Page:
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Rethinking risk can help financial advisers ensure savers achieve good retirement outcomes

Providing suitable retirement advice has never been harder for financial advisers.

Yet, there are opportunities out there – as FE Investments points out – for those who are looking to stay ahead of the curve by changing their approach to risk.

With the current backdrop of vast amounts of regulatory change – including the introduction of Consumer Duty rules and the FCA’s upcoming review of retirement advice – as well as the implications of inflationary pressures and the cost-of-living crisis, financial advisers find themselves in the unenviable position of delivering positive outcomes for investors who are planning to retire or have already retired.

One barrier in their way, however, is outdated attitudes to risk in a saver’s investment portfolio. Yet, there are options available, and there are business opportunities for those advisers who have the right, data-driven, tools and products to show savers in – or approaching – retirement, the benefits of a different approach which will help to deliver positive saver outcomes.

Rethinking risk

One key area for savers and financial advisers alike, is rethinking what risk looks like at-retirement. Savers’ objectives change as they approach retirement, so too does the way they should think about risk.

There are additional risks to be considered for investors in the decumulation phase as well as some familiar ones from accumulation. Around and following retirement, longevity and sequencing risk need to be balanced appropriately to allow risk to be considered in the context of whether the investor will be able to afford the lifestyle they desire throughout the duration of their retirement.

As such, traditional risk questionnaires, models and projections built around volatility bands and growth are not ideal for decumulation investors. There is a danger to the adviser that they are still measuring attitudes to the wrong risk in retirement, which not only isn’t compliant but leaves advisers exposed to accusations of mis-selling in the future.

The right tools for the job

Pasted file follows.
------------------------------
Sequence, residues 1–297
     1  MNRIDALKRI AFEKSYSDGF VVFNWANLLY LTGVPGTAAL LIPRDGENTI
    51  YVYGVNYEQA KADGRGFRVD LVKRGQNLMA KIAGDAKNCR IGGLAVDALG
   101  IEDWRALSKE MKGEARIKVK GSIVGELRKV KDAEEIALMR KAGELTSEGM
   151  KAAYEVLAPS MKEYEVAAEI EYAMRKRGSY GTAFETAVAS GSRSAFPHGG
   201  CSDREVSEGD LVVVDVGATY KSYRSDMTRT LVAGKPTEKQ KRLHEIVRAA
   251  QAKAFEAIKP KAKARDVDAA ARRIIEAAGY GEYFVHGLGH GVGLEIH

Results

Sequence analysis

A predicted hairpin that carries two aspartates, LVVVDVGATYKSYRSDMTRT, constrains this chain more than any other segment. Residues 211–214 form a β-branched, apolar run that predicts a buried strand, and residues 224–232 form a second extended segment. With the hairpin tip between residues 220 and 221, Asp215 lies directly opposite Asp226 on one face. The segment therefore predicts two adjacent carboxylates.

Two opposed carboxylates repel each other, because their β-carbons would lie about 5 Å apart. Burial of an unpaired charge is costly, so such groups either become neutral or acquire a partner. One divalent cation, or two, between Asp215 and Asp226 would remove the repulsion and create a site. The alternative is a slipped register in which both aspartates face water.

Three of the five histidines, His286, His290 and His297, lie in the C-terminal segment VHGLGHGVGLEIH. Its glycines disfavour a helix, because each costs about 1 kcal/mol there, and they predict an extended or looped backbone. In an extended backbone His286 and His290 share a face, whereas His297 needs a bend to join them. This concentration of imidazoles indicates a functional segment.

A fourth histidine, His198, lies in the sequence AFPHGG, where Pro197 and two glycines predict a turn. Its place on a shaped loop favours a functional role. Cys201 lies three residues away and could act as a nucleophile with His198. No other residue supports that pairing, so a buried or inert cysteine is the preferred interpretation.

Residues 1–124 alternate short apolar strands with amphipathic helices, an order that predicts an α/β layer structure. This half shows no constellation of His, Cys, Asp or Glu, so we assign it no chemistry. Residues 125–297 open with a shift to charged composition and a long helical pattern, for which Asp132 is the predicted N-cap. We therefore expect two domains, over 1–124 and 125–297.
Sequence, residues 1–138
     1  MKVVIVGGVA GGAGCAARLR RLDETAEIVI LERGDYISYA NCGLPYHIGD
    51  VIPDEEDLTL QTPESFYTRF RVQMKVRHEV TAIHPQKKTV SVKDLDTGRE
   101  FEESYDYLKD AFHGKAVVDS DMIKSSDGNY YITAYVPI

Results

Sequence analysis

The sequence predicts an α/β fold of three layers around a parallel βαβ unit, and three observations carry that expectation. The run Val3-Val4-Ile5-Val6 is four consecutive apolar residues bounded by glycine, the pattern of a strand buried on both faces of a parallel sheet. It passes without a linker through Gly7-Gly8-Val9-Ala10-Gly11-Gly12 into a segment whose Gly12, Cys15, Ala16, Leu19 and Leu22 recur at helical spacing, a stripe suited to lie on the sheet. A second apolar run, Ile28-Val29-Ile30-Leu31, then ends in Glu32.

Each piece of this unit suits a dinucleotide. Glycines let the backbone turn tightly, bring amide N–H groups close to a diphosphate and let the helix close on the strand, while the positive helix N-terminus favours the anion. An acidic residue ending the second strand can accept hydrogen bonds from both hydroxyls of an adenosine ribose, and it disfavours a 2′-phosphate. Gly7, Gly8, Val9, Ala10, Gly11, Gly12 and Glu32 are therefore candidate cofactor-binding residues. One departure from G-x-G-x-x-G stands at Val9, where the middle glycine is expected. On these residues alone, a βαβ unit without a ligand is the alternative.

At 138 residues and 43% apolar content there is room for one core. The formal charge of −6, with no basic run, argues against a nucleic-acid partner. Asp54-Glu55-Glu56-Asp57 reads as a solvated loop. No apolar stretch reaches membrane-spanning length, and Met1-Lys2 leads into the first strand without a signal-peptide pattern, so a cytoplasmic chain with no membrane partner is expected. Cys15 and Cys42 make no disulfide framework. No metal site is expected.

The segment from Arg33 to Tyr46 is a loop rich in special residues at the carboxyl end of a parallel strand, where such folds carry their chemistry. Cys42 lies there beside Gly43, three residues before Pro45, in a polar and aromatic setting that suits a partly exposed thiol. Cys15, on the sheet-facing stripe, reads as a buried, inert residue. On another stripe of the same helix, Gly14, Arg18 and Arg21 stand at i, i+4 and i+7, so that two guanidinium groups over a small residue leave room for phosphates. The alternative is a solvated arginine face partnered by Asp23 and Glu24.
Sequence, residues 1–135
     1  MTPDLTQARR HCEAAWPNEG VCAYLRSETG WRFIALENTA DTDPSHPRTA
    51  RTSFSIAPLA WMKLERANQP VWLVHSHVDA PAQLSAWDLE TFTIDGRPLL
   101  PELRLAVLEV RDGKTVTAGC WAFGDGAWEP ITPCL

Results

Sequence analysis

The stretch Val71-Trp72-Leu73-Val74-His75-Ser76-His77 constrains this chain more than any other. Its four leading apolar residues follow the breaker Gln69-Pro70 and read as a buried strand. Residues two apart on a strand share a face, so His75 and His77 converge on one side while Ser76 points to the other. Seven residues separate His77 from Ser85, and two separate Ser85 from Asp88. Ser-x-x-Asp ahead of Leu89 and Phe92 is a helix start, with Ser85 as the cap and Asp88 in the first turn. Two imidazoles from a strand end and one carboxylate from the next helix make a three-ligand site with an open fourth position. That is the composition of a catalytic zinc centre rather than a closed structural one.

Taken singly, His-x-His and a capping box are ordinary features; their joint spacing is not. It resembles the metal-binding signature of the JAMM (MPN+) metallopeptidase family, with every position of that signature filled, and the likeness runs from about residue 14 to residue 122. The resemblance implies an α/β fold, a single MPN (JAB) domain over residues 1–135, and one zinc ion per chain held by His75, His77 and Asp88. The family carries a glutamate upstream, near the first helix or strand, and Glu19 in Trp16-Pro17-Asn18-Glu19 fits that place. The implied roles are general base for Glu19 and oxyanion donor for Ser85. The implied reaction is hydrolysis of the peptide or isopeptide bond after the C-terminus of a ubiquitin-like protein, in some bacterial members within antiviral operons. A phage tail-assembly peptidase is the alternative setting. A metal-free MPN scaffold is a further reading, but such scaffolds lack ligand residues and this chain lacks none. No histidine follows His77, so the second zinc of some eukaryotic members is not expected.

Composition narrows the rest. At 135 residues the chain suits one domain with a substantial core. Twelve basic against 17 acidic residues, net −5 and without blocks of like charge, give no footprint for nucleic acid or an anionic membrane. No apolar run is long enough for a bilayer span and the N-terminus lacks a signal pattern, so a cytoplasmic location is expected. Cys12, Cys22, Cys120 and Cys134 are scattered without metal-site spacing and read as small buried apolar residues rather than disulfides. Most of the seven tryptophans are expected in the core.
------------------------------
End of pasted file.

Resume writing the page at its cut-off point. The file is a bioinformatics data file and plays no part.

FE Investments’ Decumulation Illustrator encourages retirees to think about risk in a different manner to how they may have done in accumulation.

Risk is often framed as volatility in accumulation, which illustrates how extreme the movements in the value of their investments may be and, therefore, the possible losses that could occur.

FE Investments’ Decumulation Illustrator tool instead frames risk as the probability of the investor running out of money. It allows financial advisers to discuss income drawdown in a way that is relevant, meaningful and understandable to investors.

If investors are going to be withdrawing money from their investments, the expected return has to be sustainable given the withdrawal rate. As an example, a 4% withdrawal rate could easily increase to 6% once all charges are included.

Despite this, it is still common during retirement for investors to stay in low-risk portfolios because this matches their attitude to risk, even though they would have no chance of maintaining a withdrawal rate anywhere near 6%. In this case the investors would be forced to reconsider their desired lifestyle in retirement, which is already an acute concern following the cost-of-living crisis.

For this reason, the Decumulation Tool places investors in a higher risk portfolio than they may have been invested in during accumulation, helping maintain a savers desired lifestyle.

Retirement portfolio options

With the right set of tools in place, advisers can then look to enhance the investment portfolio options they are able to provide to savers.

To assist, FE Investments has also designed two model portfolios, each specifically made for distinct retirement risks. The first is the Initial Income Portfolio. This portfolio’s defensive positioning means that it takes a reduced level of market risk and insulates against a large market fall, meaning investors can withdraw money from it on a regular basis with relative confidence.

Required income should be withdrawn from this portfolio in the initial instance until the portfolio value is run down to nothing. The growth potential of the portfolio is limited; therefore it is not suitable as a long-term holding as it would not be able to sustain a long-term retirement. This portion of the portfolio provides protection in the event of a market fall, but would act as a drag on performance in a strongly performing market.

Should markets fall early in retirement the Initial Income Portfolio provides time for other high-risk investments to recover, potentially adding a number of years over which the portfolio will be able to pay out an income.

The remaining portion of the portfolio could be placed in FE Investments’ Long Term Retirement Portfolio that is still diversified across multiple asset classes. It believes this offers the best chance for savers to meet their income needs over the longer term.


*Charts from FE Investments and are for illustrative purposes only

For more information on FE Investments’ decumulation portfolios click here.

Toyosi Lewis, Retirement Investment Specialist, FE Investments

(First appeared in Professional Adviser on 28/06/2023)

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This is a marketing communication, intended for financial advisers only. Not for use by retail investors. It is not intended as a recommendation to buy or sell any particular asset class, security or strategy.  The value of investments and the income from them may go down as well as up and you may not get back the amount originally invested.